No road leads us back to where we were at any time in the past. The tragedy is that those who think getting rid of Trump improved things are fools who did not see that 2019 may have been the best time in US history. Their butt hurt from Trumps wins forced them to break everyone’s toys.

And so we move into a future. As usual with no signposts. But now with the light of enthusiasm largely extinguished.

My read on the Capital crud storm

So I got a concerned eMail from an aunt in England after the crud storm in DC yesterday. Below is my way longer than she probably wanted explanation of what was going on after pointing out that the ‘broke’ media over reported something while casting the worst possible light on it. Below that is a take on the political posturing that led up to it.

The reality is that 4 years ago the Democratic Party screwed up and did not cheat sufficiently to beat the groundswell of support that carried Trump to the presidency. The apparatchiks who thought they had a lock on the future of the country were horrified.

They started a low level insurgency in the gov’t and in the streets where of municipalities where they had absolute hold. Make no mistake, up until yesterday every place you heard about that was having street protests and really riots and violence were in deeply Democratic centers where the mayors and councils could neuter the police and had already neutered the ability of the people to push back.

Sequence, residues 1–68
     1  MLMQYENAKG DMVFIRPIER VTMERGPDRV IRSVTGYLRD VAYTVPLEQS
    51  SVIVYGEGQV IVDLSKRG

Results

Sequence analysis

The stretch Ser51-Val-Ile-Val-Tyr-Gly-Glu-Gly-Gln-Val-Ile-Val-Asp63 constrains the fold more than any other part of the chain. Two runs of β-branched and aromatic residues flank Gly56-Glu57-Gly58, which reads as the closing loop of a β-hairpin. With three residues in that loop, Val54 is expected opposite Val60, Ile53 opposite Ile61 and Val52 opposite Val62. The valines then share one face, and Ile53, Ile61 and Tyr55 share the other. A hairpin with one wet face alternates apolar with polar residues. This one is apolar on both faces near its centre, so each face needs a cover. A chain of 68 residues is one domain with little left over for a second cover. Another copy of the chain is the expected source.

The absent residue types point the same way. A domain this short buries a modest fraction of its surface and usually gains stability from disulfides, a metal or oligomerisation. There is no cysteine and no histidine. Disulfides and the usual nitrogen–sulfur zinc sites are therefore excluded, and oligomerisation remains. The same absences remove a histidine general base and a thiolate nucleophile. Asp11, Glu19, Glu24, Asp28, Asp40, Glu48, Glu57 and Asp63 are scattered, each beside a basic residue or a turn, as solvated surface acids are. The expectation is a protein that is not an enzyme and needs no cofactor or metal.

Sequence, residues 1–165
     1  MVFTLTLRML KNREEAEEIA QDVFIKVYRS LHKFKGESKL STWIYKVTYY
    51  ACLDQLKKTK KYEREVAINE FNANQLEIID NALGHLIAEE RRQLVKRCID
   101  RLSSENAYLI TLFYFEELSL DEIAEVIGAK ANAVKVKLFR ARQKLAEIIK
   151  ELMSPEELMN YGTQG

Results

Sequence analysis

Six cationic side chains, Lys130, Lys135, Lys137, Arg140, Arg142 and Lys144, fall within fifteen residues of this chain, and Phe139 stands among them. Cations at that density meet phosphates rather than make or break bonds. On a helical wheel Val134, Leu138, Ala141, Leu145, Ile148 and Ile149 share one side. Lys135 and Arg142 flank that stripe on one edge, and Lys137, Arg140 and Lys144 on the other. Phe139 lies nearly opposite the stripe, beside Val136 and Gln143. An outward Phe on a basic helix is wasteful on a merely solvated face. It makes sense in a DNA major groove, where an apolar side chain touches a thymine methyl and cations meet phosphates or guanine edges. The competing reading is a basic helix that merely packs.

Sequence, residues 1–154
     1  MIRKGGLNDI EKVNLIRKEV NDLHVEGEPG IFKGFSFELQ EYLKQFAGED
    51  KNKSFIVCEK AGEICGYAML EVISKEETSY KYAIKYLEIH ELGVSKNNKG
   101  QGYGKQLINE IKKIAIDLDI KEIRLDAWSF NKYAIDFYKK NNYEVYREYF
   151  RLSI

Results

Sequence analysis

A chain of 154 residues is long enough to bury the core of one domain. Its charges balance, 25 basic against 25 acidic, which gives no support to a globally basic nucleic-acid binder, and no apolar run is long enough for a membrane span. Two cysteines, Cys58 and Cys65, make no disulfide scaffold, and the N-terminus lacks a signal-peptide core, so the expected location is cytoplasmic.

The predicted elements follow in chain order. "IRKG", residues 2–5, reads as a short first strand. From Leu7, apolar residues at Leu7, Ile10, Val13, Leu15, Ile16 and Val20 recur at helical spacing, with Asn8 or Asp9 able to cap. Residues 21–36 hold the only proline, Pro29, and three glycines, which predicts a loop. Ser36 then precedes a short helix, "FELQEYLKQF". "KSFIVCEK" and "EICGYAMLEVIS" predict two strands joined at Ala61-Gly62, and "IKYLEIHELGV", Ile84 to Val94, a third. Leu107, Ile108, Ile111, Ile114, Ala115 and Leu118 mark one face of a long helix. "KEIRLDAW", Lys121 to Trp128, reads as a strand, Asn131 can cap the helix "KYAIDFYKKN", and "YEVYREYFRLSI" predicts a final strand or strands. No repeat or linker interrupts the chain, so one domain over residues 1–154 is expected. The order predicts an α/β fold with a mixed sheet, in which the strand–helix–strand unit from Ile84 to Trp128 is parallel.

This last time the Democratic Party was prepared for the Trump support and overwhelmed it. To my mind it looks like cheating put Biden over the top, but that is hard to prove since it would have been a passively cellular network of cheating in densely populated centers they already controlled. Suppressing Trump votes (which were still huge by historical standards) and expanding their own. Much of the issue both pro and con were changing the rules due to ‘COVID’ and a huge concerted drive by both sides to expand the vote, providing a jungle of confusion regarding the reality.

What is going on now is a knock on to that. The reality is that the laws regarding our national elections (in a republic of very differently governed states) are Byzantine in their complexity. What I think few have realized until this last 2 months is that the system has no real way of dealing with systemic breakdown in voting which is highly state centric. While the ‘news’ says that the thousands of accusations of fraud have been ‘proven’ invalid nothing like that has happened. Except in a few trivial cases nothing has actually reached the point of presenting proof. In every significant case the court has refused to take the case because:1) The protest should have been made before the election, once the election happened the protest is void (even though there was no time before the election to know what was happening.) 2) The person(s) making the protest had no standing because they were not directly harmed. 3) The court did not have jurisdiction and thus even if they took the case could not remedy any fault found. 4) The court did not have any remedy period…which is essentially what the US Supreme Court said when the States protested other States patently fraudulent election results.